Kicking Breast Cancer's Butt

Mama’s Head

I’m being a selfish child right now.  Right now I am seriously pissed about my cancer.

It doesn’t change a damn thing.

I am VERY grateful that so far it has not spread.  But I am still pissed.

I’m about to lose my job, I’m not sure how the insurance and financial issues are going to be worked out, there is a TON of uncertainty, and all I can do is wait and see.

F-ck.

I couldn’t remember which drugs the medical oncologist recommended for me, so I’m listening to the recording of my appointment with SCCA from last week.  The more I listen to her recommendation and why, the more I trust and like her.

I am a very, very lucky woman.  I love my team at Seattle Cancer Care.

I used to think, “If I do everything perfectly, everthing will be alright.”

It’s not that I expected a perfect life.  But I thought “If I floss my teeth every night – like I should – if I keep my house clean and in order (that is never going to happen), if I do everything I’m ‘supposed to do’, in the order I’m supposed to do it, nothing bad will happen, and I’ll have a happy (if boring) life.”

I didn’t even care that much about happy.  I just wanted to be safe from the boogey man.

But as we’ve all since learned, trying to approach anything that even sort of resembles “perfect” achieves only worry lines and heartburn.  It offers no protection from the unknown, boogeyman or otherwise.  Therefore, we shall strive for “Good E. Nuff” in the things that don’t matter so much, such as housework, dishes, and laundry.

There is honor, there is valor, in “good enough”.  If having a little baby crawling all around didn’t teach me that, this experience with breast cancer certainly will.  I’m a slow learner, and this has certainly impressed upon me the fact that I will change how I live my life.  I’m not talking about the physical – eat right, exercise, monitor my health, floss “perfectly” every night.  I mean the BIG stuff.  How I think about my life, how I feel about myself, my strengths and weaknesses, how powerful I really am in this.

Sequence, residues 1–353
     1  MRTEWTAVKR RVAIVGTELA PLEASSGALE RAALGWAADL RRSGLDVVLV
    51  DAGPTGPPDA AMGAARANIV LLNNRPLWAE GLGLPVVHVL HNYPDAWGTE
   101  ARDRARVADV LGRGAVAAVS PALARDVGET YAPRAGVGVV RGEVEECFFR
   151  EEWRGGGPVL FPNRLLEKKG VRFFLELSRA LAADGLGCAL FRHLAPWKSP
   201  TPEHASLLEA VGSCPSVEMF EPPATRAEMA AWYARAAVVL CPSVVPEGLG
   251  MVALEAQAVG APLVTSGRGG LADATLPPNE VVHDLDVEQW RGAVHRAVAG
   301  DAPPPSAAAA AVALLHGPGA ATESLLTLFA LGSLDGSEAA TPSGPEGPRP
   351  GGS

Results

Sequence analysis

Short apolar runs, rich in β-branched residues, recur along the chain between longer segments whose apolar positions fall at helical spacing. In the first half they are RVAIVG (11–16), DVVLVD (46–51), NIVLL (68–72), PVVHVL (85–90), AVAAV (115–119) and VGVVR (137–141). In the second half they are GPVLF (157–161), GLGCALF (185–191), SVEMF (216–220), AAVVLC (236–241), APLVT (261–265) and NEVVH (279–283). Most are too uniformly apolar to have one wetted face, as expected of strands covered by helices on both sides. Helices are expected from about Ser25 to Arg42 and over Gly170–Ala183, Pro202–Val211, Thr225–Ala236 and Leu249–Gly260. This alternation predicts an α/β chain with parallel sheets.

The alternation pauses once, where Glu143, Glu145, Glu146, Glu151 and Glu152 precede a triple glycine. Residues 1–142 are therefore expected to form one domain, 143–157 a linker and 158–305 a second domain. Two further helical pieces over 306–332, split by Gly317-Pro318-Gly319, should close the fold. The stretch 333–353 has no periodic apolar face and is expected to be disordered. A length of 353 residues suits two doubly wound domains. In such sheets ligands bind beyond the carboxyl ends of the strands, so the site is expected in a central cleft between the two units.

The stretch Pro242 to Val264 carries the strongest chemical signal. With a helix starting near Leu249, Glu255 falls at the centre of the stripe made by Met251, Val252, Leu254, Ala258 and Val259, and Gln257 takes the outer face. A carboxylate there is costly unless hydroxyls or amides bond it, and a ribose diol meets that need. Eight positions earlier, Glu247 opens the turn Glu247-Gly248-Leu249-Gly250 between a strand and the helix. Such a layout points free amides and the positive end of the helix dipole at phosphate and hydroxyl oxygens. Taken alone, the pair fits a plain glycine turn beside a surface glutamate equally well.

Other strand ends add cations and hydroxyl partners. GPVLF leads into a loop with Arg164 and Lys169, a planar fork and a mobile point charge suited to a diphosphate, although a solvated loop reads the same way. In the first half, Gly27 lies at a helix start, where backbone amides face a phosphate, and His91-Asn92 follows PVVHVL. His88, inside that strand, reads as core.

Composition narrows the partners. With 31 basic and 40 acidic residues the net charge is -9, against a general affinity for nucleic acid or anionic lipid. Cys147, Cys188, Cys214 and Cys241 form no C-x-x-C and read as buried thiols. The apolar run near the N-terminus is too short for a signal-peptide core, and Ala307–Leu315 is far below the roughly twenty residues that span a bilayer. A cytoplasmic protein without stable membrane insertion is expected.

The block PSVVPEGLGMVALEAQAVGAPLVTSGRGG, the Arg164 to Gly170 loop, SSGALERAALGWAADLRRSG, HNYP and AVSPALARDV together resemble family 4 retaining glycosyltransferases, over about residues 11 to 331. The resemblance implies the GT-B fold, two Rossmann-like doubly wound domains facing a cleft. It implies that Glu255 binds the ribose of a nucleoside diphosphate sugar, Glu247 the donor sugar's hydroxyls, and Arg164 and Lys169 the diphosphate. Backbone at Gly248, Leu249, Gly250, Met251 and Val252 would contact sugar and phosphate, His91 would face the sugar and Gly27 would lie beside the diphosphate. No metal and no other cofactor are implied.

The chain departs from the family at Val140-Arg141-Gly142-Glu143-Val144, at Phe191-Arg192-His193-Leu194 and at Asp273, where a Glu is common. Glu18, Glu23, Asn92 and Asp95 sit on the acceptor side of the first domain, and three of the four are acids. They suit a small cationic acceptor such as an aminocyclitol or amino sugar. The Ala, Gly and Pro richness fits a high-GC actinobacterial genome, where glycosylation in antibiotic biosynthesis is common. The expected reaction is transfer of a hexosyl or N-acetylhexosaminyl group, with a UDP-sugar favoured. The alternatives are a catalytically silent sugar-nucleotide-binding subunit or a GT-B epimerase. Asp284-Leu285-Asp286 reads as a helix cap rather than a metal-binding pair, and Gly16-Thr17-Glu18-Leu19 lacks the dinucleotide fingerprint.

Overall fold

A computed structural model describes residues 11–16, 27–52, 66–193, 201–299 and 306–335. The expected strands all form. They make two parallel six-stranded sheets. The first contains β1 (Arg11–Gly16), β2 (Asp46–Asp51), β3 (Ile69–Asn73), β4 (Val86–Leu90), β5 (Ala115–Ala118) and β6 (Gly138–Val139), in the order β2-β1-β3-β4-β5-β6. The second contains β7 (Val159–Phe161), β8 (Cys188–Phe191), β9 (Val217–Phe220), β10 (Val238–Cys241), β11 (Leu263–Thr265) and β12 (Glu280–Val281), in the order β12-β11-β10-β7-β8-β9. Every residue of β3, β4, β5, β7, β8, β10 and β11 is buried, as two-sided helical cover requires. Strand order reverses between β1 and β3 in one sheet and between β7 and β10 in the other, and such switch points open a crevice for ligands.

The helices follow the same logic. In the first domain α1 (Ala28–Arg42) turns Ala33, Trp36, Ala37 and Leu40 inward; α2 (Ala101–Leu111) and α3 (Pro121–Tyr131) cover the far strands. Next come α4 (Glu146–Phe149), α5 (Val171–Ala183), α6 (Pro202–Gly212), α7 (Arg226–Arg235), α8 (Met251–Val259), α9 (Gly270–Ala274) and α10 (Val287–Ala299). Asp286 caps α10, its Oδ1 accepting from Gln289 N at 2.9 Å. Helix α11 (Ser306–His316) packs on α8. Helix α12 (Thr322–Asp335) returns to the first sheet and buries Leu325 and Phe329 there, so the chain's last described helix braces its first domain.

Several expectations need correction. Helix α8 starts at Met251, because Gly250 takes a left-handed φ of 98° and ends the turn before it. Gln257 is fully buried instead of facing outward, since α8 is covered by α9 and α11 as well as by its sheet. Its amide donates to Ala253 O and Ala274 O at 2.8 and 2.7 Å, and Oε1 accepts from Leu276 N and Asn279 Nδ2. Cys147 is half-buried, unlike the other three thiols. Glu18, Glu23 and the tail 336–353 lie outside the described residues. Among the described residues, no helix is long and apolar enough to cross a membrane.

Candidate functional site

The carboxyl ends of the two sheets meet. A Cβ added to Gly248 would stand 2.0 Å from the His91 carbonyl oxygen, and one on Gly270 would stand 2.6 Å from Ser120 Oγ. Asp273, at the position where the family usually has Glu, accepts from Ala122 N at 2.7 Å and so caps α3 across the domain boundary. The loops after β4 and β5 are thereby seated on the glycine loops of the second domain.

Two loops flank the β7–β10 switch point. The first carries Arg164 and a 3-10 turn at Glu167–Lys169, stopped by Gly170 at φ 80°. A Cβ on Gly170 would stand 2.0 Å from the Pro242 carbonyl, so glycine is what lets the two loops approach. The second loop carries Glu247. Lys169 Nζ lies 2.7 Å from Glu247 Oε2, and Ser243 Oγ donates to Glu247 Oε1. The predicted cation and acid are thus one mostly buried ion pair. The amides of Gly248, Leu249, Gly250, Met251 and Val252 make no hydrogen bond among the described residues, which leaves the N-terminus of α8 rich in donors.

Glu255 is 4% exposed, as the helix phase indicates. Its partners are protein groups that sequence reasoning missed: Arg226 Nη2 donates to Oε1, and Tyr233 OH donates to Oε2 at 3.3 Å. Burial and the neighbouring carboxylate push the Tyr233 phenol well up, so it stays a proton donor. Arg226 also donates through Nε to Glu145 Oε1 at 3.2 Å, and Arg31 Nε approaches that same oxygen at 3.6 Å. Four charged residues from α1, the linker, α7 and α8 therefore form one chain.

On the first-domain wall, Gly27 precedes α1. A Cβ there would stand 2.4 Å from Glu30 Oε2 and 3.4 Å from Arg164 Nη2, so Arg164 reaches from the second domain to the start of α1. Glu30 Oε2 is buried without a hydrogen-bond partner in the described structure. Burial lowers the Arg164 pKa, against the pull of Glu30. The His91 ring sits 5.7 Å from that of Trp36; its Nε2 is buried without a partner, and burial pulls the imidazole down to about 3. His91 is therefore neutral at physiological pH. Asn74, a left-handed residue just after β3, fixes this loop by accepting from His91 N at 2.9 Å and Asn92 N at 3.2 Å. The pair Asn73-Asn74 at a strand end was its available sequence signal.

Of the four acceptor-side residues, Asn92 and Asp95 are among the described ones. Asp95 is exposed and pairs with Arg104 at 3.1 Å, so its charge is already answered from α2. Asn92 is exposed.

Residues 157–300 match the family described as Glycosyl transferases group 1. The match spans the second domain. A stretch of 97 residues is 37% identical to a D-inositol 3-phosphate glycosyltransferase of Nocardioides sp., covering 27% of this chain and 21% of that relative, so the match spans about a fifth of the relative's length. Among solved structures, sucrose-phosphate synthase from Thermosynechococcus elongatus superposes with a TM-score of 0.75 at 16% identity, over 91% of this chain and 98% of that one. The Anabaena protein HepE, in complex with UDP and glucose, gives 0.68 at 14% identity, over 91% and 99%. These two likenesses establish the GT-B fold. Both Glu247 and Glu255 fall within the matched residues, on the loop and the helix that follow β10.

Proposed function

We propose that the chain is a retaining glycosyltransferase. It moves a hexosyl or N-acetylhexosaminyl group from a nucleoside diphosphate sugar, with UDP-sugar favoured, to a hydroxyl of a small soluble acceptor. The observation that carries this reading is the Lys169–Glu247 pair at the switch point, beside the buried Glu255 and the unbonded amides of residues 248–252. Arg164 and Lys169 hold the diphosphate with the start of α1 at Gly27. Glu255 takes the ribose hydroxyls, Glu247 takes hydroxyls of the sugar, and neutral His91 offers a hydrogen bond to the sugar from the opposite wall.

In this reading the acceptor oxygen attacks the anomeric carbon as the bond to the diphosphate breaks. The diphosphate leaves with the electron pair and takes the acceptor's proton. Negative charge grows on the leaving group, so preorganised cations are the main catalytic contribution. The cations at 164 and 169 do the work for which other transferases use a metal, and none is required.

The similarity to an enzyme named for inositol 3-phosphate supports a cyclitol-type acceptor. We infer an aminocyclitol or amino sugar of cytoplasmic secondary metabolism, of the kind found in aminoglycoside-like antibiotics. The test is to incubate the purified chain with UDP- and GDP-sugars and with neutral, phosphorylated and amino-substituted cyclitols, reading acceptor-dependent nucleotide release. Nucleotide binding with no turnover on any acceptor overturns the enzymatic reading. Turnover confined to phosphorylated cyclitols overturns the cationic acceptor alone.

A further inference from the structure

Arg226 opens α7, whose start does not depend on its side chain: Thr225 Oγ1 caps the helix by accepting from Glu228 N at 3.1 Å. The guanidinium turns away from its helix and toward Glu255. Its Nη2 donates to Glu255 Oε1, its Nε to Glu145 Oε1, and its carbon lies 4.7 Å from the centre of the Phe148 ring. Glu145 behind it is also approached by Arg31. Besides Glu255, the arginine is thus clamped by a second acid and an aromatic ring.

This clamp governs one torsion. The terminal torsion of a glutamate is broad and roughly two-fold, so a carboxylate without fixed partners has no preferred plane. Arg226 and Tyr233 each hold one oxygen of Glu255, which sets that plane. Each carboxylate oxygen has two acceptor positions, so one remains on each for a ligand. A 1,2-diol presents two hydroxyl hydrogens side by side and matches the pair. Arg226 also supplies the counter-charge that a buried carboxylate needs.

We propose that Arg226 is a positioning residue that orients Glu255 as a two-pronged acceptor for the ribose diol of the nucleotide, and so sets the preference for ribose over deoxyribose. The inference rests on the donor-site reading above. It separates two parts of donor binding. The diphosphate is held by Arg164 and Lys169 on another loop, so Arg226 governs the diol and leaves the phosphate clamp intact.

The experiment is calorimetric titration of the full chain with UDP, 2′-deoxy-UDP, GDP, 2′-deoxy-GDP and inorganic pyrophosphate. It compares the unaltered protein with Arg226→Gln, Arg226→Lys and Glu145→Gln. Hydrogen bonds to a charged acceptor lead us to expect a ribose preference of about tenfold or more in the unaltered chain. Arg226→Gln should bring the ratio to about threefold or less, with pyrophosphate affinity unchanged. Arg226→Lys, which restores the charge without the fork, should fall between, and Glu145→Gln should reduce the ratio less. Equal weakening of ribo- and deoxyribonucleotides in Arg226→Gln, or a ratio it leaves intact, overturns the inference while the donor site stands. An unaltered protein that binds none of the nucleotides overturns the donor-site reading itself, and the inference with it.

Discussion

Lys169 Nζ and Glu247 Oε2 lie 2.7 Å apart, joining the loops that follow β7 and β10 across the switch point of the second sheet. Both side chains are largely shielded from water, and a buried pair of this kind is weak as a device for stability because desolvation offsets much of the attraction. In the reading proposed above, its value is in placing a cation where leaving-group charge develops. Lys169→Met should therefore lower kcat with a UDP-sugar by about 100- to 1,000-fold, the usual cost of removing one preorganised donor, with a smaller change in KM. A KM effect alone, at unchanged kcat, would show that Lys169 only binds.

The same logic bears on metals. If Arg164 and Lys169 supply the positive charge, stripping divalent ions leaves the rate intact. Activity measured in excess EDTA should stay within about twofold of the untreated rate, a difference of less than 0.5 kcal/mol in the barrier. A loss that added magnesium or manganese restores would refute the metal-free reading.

The Husband has told me often that I am impressive, amazing, capable of creating greatness.  Yeah, I never believe him.  In my head I keep thinking “You don’t know what a coward I am.”  Nearly every day, it seems, I’ve either been on the verge of a panic attack, or a raging ball of screaming irritability.  That can’t be easy to be around.  I can’t be easy to be around.

On Wednesday, I couldn’t face going to work.  The Husband says I need to feel whatever I feel and know that that’s okay.  That I need to be okay with it.  You have no idea how freeing that is for me.

My mother always scolded us – don’t be grumpy, don’t be crabby, smile!  It was never okay for us to just feel how we felt.  That sentence sounds weird.  It’s better when The Husband says it.

This post has taken many days to write.  I’ve been interrupted, I’ve run out of steam, I can’t find the right words. There’s just so much to say, and I want it all to make sense and be purposeful, and I want to write it while it’s fresh.  But it’s just so much to process.

I’m working on a longer post about Tuesday, but for those of you following my blog daily, I’ll just give you a quick update.

We met with the team at Seattle Cancer Care Alliance on Tuesday, and long story short, I’m moving my surgery and all of my care to them.  That was always the plan, but it’s nice to have it be official, with a new surgery date scheduled, and a new treatment plan.

I have to say that SCCA was visibly impressed with how fast Virginia Mason moved to get my tests complete, and my results back.  I couldn’t have gotten on the schedule so quickly at SCCA without the diligence and get-it-done work ethic of the team at Virginia Mason.  They are champs in my book – I just like SCCA’s outcome, stats and approach a whole lot better.  Plus SCCA met together to talk about my case BEFORE they came in to talk to ME.  Way better method, in my opinion.

More later.

Love you guys!